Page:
Part of the Jumpstart Our Business Startups, or JOBS, Act of 2012 made it possible for the little guy to get a chance to put money into a startup. That’s the charitable interpretation, anyway: Many critics of the legislation worried that it may allow some businesses to take advantage of small investors who don’t know the ropes.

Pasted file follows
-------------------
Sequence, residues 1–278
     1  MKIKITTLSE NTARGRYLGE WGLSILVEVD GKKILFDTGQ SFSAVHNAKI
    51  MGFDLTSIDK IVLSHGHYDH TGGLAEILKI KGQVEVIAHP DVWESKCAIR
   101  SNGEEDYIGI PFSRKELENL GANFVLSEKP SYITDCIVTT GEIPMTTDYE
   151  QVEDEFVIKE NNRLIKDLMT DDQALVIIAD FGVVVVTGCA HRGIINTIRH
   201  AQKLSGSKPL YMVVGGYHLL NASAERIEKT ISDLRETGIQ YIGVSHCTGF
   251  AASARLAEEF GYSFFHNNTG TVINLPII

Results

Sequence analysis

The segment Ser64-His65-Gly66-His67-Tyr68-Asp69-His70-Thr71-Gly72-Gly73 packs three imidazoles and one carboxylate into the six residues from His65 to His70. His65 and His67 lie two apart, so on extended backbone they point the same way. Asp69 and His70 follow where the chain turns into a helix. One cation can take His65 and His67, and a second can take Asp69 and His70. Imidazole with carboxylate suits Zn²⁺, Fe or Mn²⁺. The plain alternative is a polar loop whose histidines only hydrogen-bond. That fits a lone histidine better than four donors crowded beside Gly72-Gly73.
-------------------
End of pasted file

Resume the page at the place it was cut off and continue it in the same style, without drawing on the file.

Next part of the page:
Regulators are worried too: The Securities and Exchange Commission is watching about 200 websites out of more than 9,000 that are set to make use of the changes in selling shares of small companies that were part of the legislation. They’re concerned that loosened regulations combined with the reach of the Internet could potentially circumvent protections for investors and even open a door for criminals.
In the past, investing in startups has been restricted to so-called accredited investors, or people with relatively high net worth.
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